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Maragos touts $41.6M Nassau surplus; critic says it's 'fiction'

Nassau County Comptroller George Maragos discusses the release

Nassau County Comptroller George Maragos discusses the release of the county's unaudited year end financial report for 2012. (June 12, 2013) Photo Credit: Howard Schnapp

Nassau Comptroller George Maragos said Wednesday that the county likely ended last year with a $41.6 million surplus, although his election opponent and other critics questioned his numbers.

Maragos, a Republican running for re-election, said the predicted surplus comes primarily from lower borrowing costs and increased sales tax collections. He credited better financial management by fellow Republican County Executive Edward Mangano, contending that "county finances have improved year over year in every respect since 2009."

But Maragos' Democratic opponent, former county comptroller Howard Weitzman, said Nassau officials have masked Nassau's true financial condition through misstatements and gimmicks, such as not paying property tax refunds despite a growing backlog estimated by Maragos at $335 million.

Members of the Nassau Interim Finance Authority, a state board that took control of the county's finances in 2011, also said last week that the county's budget remains in the red when using state-approved accounting methods reflecting the difference between recurring revenue and expenses.

Maragos put the NIFA-calculated deficit at $85.5 million for 2012, but said the Mangano administration had cut the so-called "structural gap" in half since taking office in January 2010.

"All in all, a good year," said Maragos, who last year predicted a $45 million deficit for 2012.

The year-end results won't be official until next month, when outside auditors complete their review of Nassau's books.

NIFA member Chris Wright said that despite differences in accounting methods, "there's no confusion about the fact that should these numbers not change when the audit is complete, the deficit is triple the amount required to trigger a control period." State law requires NIFA to take control when the county's deficit exceeds 1 percent of its budget, or $28 million.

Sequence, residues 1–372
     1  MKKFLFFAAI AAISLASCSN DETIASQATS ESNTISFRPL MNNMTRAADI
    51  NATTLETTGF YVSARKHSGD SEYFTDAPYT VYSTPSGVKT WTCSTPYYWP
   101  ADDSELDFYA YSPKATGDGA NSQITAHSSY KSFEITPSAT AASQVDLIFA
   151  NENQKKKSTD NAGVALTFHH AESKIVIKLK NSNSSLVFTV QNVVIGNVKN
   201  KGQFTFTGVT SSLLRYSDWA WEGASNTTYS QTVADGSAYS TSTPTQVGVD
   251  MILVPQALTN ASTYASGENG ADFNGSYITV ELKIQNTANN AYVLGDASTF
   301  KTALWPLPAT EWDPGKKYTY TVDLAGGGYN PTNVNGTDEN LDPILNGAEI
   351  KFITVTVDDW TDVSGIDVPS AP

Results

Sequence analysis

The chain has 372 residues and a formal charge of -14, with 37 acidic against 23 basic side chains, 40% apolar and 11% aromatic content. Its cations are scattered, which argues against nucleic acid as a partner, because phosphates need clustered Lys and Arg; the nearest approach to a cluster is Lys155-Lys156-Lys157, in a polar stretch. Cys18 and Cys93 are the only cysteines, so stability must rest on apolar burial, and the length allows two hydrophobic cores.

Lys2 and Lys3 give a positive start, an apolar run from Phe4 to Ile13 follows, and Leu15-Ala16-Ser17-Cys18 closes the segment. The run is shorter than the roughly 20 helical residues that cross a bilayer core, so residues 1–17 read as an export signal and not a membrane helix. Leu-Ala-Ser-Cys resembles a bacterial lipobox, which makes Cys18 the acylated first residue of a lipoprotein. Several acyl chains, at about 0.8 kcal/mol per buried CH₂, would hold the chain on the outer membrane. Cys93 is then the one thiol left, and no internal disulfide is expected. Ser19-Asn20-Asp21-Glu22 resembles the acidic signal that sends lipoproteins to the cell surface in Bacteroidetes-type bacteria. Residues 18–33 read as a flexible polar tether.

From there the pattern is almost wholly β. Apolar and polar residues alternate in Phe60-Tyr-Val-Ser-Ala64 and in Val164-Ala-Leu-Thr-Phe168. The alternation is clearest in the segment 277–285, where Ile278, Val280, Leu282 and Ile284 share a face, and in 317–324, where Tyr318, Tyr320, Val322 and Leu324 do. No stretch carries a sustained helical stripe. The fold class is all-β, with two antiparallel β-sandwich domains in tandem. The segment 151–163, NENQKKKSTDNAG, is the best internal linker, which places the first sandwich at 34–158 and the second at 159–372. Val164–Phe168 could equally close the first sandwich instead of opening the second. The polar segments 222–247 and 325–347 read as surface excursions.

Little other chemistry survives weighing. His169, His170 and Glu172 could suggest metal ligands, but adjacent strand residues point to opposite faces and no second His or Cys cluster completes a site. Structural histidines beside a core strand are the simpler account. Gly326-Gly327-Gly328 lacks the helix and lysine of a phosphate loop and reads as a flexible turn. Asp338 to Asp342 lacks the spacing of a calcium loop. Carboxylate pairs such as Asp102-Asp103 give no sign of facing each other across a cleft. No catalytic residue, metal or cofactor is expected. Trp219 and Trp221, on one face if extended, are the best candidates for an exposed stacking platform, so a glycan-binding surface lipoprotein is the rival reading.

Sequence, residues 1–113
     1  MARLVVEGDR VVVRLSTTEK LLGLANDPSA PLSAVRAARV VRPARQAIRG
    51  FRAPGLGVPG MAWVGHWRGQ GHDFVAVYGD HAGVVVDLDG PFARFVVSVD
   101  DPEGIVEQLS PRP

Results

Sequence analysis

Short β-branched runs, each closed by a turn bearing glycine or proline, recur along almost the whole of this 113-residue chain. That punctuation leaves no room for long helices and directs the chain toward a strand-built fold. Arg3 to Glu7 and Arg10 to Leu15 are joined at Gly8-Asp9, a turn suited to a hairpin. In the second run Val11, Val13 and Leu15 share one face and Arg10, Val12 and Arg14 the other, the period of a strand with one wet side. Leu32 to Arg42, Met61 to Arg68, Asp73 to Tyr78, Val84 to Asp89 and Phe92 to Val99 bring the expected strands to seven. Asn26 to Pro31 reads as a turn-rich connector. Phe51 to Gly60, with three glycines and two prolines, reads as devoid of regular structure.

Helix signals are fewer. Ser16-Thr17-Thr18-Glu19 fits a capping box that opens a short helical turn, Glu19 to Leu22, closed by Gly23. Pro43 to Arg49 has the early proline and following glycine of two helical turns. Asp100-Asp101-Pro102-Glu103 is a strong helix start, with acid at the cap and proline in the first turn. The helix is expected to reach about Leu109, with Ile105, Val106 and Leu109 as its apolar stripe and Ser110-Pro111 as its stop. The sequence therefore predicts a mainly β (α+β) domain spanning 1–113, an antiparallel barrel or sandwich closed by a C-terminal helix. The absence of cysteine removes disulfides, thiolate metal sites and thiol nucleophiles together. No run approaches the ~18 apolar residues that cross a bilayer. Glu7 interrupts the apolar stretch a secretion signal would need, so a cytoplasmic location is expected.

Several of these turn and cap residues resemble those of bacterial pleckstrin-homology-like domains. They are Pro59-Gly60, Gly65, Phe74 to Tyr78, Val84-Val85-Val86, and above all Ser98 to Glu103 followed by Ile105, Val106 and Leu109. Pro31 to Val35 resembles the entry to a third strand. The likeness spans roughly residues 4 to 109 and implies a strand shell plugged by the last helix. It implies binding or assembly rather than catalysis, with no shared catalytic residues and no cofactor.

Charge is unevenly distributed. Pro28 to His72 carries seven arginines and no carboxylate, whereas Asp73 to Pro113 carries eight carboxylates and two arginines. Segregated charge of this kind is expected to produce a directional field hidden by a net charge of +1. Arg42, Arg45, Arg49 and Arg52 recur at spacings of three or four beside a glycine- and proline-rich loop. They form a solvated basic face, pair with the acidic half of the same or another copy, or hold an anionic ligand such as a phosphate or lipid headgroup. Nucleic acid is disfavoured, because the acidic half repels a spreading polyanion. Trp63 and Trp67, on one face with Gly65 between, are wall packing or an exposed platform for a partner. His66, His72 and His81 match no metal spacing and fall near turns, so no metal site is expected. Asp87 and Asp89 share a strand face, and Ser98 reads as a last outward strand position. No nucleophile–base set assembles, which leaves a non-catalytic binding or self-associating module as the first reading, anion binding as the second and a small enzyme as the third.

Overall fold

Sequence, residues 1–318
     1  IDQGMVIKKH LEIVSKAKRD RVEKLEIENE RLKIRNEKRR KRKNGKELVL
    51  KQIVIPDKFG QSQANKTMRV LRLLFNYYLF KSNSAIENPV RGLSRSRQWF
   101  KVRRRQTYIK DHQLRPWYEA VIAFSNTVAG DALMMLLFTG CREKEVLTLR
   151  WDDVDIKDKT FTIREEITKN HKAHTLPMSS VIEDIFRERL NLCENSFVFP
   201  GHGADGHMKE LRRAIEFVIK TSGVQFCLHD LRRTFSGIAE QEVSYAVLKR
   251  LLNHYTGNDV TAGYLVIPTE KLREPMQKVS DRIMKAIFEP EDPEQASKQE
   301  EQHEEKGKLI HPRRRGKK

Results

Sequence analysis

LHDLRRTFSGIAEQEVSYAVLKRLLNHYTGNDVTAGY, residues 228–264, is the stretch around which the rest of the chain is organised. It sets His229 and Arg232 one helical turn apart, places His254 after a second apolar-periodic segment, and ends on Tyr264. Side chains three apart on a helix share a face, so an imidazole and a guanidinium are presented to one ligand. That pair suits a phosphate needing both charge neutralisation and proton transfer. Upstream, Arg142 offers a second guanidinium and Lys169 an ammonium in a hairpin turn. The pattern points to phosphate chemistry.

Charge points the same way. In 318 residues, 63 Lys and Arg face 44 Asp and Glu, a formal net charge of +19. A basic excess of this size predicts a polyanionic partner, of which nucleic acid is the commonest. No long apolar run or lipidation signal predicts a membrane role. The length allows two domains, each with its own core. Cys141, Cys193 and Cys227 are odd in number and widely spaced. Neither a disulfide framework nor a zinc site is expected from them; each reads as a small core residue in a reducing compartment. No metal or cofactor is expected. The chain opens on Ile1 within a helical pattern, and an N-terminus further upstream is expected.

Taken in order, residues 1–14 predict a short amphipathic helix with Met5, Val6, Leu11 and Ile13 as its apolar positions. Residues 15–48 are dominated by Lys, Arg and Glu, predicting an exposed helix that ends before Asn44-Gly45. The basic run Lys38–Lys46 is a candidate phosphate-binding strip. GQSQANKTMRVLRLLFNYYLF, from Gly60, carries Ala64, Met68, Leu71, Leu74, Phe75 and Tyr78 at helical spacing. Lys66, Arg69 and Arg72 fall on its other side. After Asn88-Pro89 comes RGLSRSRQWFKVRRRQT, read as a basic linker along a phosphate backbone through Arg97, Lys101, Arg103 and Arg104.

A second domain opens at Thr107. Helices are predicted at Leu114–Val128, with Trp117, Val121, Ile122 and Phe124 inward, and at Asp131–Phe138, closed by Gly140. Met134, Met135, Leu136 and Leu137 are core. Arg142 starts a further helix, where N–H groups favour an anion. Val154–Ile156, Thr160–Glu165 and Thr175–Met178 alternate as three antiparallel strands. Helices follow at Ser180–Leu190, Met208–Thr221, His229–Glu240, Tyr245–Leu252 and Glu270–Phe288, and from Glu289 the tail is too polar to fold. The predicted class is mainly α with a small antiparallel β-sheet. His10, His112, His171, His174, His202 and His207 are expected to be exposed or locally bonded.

Weitzman, who is seeking the job he lost to Maragos four years ago, called Maragos' surplus "a work of fiction." He noted that a Wall Street firm had just dropped Nassau's credit rating.

"It's impossible to say the county's financial situation is getting better and better in the face of a steady downbeat of bond downgrades," Weitzman said.

Fitch Ratings on Tuesday downgraded $1.5 billion in long-term county debt by a notch, from A+ to A, with a negative outlook. That placed the county's rating at the same level set by Moody's Investor Services, which rates Nassau at A2.

Moody's and Fitch each have lowered Nassau's credit rating twice since January 2010. Standard & Poor's rating remains a notch higher at A+.

Maragos said the Fitch downgrade reflects future budgetary challenges Nassau faces.

Some Democrats said debt costs were lower than expected because party lawmakers had refused to approve tax refund borrowing last year.

Maragos said the county surplus comes despite an unexpected $10 million bill for superstorm Sandy recovery. He said Nassau spent more than $100 million on Sandy-related expenses but expects to eventually get 90 percent federal reimbursement.

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